|US7379622 *||Nov 1, 2004||May 27, 2008||Ricoh Company, Ltd.||Information-inputting device inputting contact point of object on recording surfaces as information|
|US7388476||Nov 28, 2005||Jun 17, 2008||Honda Motor Co., Ltd.||Vehicle surroundings monitoring apparatus|
|US7433496 *||Dec 26, 2002||Oct 7, 2008||Yazaki Corportion||In-vehicle image correcting device and night driving view field supporting device|
|US7436982 *||Jun 10, 2005||Oct 14, 2008||Honda Motor Co., Ltd.||Vehicle surroundings monitoring apparatus|
|US7489805 *||Nov 28, 2005||Feb 10, 2009||Honda Motor Co., Ltd.||Vehicle surroundings monitoring apparatus|
|US7512494||May 12, 2006||Mar 31, 2009||Nissan Motor Co., Ltd.||Vehicle mounted image processor and method of use|
|US7515737 *||Nov 28, 2005||Apr 7, 2009||Honda Motor Co., Ltd.||Vehicle surroundings monitoring apparatus|
|US7526104||Nov 28, 2005||Apr 28, 2009||Honda Motor Co., Ltd.||Vehicle surroundings monitoring apparatus|
|US7545955||Nov 28, 2005||Jun 9, 2009||Honda Motor Co., Ltd.||Vehicle surroundings monitoring apparatus|
|US7561719||Nov 28, 2005||Jul 14, 2009||Honda Motor Co., Ltd.||Vehicle surroundings monitoring apparatus|
|US7567687||Feb 14, 2005||Jul 28, 2009||Fuji Jukogyo Kabushiki Kaisha||Outside-vehicle monitoring system|
|US7567688||Nov 23, 2005||Jul 28, 2009||Honda Motor Co., Ltd.||Apparatus for and method of extracting image|
|US7586400 *||Jan 12, 2007||Sep 8, 2009||Honda Motor Co., Ltd.||Vehicle surroundings monitoring apparatus|
|US7590263||Nov 23, 2005||Sep 15, 2009||Honda Motor Co., Ltd.||Vehicle vicinity monitoring apparatus|
|US7599521||Nov 23, 2005||Oct 6, 2009||Honda Motor Co., Ltd.||Vehicle vicinity monitoring apparatus|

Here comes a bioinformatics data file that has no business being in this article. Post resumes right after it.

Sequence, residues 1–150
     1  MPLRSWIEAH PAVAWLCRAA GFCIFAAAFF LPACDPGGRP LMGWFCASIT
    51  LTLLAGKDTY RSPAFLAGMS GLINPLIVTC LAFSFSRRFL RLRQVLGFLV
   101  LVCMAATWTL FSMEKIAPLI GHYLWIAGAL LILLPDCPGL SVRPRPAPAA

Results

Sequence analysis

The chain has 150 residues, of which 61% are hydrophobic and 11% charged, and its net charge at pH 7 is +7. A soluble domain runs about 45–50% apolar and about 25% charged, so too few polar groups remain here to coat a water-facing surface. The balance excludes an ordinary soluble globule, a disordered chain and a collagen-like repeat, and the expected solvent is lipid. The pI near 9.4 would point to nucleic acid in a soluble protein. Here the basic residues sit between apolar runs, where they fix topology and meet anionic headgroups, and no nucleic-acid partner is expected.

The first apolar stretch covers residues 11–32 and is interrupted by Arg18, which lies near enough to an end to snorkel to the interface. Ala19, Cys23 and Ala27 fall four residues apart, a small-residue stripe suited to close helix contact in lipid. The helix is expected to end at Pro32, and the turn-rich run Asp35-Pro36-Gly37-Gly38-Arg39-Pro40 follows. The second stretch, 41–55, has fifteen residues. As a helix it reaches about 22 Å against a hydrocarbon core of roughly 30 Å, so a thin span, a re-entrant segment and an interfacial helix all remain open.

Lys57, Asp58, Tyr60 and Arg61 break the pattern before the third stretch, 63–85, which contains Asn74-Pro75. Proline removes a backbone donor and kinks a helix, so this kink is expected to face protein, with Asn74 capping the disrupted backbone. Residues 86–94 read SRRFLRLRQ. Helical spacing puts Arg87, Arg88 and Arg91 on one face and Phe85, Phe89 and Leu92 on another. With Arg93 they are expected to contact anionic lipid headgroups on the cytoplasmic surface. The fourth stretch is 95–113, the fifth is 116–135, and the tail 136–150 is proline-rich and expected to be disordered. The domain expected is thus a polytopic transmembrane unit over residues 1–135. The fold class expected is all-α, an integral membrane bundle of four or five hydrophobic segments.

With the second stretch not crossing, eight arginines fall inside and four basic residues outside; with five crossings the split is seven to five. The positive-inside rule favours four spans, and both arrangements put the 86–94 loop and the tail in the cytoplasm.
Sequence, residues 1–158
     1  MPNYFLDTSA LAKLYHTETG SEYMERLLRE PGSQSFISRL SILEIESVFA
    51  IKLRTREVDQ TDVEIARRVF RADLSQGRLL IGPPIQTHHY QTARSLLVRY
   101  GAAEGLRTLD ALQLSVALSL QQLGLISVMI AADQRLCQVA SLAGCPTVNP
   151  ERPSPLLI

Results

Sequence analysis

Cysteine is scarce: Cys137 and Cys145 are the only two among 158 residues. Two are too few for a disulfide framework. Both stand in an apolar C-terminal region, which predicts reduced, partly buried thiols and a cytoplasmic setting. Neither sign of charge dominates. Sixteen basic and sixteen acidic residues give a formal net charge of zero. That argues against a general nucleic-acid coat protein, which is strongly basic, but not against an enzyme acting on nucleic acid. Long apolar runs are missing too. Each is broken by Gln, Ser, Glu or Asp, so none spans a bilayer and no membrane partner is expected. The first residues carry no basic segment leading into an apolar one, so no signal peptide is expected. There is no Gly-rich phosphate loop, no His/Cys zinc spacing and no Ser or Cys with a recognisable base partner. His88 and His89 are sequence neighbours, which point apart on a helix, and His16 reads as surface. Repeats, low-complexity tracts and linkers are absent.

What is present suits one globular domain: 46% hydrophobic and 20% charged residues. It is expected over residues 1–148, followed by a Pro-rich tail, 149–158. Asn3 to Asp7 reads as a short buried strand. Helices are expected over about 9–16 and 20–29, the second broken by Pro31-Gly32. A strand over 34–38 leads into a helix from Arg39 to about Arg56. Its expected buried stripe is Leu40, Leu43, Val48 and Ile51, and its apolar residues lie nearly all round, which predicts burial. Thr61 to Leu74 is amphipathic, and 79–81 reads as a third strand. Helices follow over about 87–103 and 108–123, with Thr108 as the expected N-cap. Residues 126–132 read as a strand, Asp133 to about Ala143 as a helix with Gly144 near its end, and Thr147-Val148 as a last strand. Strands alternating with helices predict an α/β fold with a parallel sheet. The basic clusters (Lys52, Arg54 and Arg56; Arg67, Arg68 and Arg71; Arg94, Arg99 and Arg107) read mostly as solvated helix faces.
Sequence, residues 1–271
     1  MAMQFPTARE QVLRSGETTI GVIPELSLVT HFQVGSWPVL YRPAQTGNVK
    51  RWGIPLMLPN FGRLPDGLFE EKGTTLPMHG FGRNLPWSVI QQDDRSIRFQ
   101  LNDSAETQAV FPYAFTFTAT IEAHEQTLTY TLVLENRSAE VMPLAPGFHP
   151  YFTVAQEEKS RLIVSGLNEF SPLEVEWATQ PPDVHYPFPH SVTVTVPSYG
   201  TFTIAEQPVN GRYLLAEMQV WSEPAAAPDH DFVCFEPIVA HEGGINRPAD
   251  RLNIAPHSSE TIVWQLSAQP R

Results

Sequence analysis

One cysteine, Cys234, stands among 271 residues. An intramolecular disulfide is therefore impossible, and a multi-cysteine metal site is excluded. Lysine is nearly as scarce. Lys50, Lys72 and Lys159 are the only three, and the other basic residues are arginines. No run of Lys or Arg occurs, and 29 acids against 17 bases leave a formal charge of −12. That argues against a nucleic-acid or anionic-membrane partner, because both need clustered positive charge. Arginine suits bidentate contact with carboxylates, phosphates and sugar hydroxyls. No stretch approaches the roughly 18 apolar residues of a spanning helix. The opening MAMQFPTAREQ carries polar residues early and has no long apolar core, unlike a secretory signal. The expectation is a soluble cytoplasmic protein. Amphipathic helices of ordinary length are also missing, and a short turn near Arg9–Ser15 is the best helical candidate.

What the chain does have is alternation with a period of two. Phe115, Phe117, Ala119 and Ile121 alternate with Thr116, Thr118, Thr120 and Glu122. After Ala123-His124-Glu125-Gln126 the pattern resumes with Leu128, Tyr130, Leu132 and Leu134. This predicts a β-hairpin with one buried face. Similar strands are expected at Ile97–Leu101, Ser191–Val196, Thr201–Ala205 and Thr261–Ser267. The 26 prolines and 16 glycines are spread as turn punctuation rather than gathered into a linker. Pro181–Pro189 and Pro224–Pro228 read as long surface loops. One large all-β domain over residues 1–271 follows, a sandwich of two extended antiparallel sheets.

|US7616806||Nov 23, 2005||Nov 10, 2009||Honda Motor Co., Ltd.||Position detecting apparatus and method of correcting data therein|
|US7620237||Nov 23, 2005||Nov 17, 2009||Honda Motor Co., Ltd.||Position detecting apparatus and method of correcting data therein|
|US7639841 *||Dec 19, 2005||Dec 29, 2009||Siemens Corporation||System and method for on-road detection of a vehicle using knowledge fusion|
|US7729516 *||Aug 16, 2007||Jun 1, 2010||Fujitsu Ten Limited||Ranging device utilizing image processing|
|US7840026 *||Dec 2, 2005||Nov 23, 2010||Nissan Motor Co., Ltd.||Apparatus and method for detecting objects|
|US7969466||Nov 28, 2005||Jun 28, 2011||Honda Motor Co., Ltd.||Vehicle surroundings monitoring apparatus|
|US8358872 *||Oct 3, 2011||Jan 22, 2013||Smart Technologies Ulc||Information-inputting device inputting contact point of object on recording surface as information|
|US8442726 *||Jun 26, 2012||May 14, 2013||Bayerische Motoren Werke Aktiengesellschaft||Method and device for lessening the consequences of an accident on a vehicle occupant|
|US20010014165 *||Dec 22, 2000||Aug 16, 2001||Ricoh Company, Ltd.||Information-inputting device inputting contact point of object on recording surface as information|